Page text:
Let’s use Peter again as an example:

Peter made $46,000 during the year. He had $3,000 of disposable income and decided to contribute his money to his RRSP. At $46,000 earned income Peter falls into the 15% federal income tax bracket. The $3,000 acts as a deduction from income, bringing his net to $46,000. Peter just maximized his RRSP deduction, by bringing him down a federal income tax bracket!
Let’s take a look at a simple calculation.
Without RRSP $46,000 x 15% =$6900 tax payable.
With RRSP Contribution $46,000 – $3,000 = $43,000 x 15% $6450 tax payable.

The tax savings alone are huge for Peter, and he was pleased with his decision to contribute. Most places of employment take enough tax off your salary or hourly wages to match your year income according to your tax bracket. So, in theory Peter receives a $450 refund from the CRA for his contribution, this does not take into account any and all other forms of income deductions, as well as the provincial tax calculation.

Now another thing to consider is lowering your net income can potentially increase your government credits, like GST/HST and the Canada Child Benefit. These are all calculated based on net income!

As tax preparers, we recommend RRSP contributions as they can provide a huge return on investment to the taxpayer.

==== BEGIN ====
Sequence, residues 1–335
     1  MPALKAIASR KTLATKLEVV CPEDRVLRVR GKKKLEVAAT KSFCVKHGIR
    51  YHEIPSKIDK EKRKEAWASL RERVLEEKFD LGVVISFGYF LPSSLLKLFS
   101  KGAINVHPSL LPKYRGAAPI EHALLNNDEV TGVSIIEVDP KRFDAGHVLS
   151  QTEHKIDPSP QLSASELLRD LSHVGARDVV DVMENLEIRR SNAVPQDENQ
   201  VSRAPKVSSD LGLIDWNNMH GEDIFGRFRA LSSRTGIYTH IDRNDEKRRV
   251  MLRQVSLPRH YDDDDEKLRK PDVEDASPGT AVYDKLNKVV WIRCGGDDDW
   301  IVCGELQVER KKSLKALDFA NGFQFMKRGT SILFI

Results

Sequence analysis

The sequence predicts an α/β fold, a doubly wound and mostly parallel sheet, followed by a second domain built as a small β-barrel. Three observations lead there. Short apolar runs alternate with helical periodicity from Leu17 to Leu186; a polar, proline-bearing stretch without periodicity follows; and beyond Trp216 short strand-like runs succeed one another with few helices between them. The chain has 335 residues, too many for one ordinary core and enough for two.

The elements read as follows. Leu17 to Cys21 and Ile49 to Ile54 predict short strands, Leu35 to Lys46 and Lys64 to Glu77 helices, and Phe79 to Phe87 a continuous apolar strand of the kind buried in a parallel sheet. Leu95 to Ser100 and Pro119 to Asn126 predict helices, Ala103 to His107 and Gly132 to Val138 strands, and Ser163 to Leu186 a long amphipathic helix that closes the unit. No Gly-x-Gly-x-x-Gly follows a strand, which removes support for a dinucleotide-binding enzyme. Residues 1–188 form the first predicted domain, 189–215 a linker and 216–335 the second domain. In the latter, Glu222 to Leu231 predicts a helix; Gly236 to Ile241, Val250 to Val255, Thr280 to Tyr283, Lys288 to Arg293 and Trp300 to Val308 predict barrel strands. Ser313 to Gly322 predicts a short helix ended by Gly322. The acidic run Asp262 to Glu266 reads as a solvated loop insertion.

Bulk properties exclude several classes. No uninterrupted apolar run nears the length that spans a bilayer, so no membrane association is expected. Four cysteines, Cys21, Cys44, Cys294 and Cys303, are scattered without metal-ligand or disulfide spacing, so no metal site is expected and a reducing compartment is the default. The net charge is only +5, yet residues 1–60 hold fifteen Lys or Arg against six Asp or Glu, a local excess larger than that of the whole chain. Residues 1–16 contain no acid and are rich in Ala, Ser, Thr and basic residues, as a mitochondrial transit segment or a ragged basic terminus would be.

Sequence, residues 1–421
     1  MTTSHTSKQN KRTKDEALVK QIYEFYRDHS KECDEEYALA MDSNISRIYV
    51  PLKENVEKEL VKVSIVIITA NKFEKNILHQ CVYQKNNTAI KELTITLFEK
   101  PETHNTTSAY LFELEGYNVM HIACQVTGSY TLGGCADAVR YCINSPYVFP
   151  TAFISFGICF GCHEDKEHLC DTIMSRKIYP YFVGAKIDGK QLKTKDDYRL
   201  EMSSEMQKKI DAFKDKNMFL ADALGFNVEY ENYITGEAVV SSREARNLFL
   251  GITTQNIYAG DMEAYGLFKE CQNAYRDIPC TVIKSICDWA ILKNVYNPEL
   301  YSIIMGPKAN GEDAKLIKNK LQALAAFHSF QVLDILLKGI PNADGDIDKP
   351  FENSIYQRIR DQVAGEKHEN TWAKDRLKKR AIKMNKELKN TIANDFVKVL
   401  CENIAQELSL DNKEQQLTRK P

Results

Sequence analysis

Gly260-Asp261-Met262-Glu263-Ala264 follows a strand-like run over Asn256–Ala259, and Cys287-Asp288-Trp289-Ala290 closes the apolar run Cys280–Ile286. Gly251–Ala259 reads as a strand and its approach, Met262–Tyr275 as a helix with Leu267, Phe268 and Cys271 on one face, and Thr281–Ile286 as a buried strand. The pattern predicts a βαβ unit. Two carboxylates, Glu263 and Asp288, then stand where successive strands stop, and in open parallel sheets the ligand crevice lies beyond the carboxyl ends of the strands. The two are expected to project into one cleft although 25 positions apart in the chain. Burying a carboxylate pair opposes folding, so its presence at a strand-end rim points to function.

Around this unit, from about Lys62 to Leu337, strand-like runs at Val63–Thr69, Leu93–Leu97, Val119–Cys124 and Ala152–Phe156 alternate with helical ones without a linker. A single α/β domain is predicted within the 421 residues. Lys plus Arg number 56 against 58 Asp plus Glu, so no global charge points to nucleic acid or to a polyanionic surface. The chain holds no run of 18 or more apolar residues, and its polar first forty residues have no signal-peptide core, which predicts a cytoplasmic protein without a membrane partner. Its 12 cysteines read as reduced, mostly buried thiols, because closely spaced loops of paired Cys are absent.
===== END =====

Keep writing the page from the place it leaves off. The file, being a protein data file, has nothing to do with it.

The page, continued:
The benefits of an RRSP do have an expiry date. Unfortunately, at age 71 is when the CRA requires you to start withdrawing from your RRSP at set percentages. This money being withdrawn is now a RRIF. The whole point of RRSP contributions, aside from ensuring you can live comfortably upon retirement, but it defers the taxes paid on this money, when you likely have lower earned income and be taxed in the lowest tax bracket.

One last thing to note, if you do have RRSP saved up and are a first-time home buyer you can withdraw up to $35,000 for the down payment on your home and have that withdraw be tax free. Repayment is over a 15-year time span, and first payment is required in the second year after the withdrawal. If the money is not contributed back in each tax filing year, it will simply be added as other income. Typically, any money withdrawn from your RRSP is subject to income tax for any other reason outside the Home Buyers Plan and the Lifelong Learning plan, which similarly is the opportunity to withdraw up to $10,000 in a calendar year, ($20,000 lifetime) for education opportunities, with a similar repayment plan.

Now is the time to determine if you should make that last RRSP contribution for the year.

Have questions or want some advice for this upcoming tax filing season, we at SheDo Tax are more than happy to help!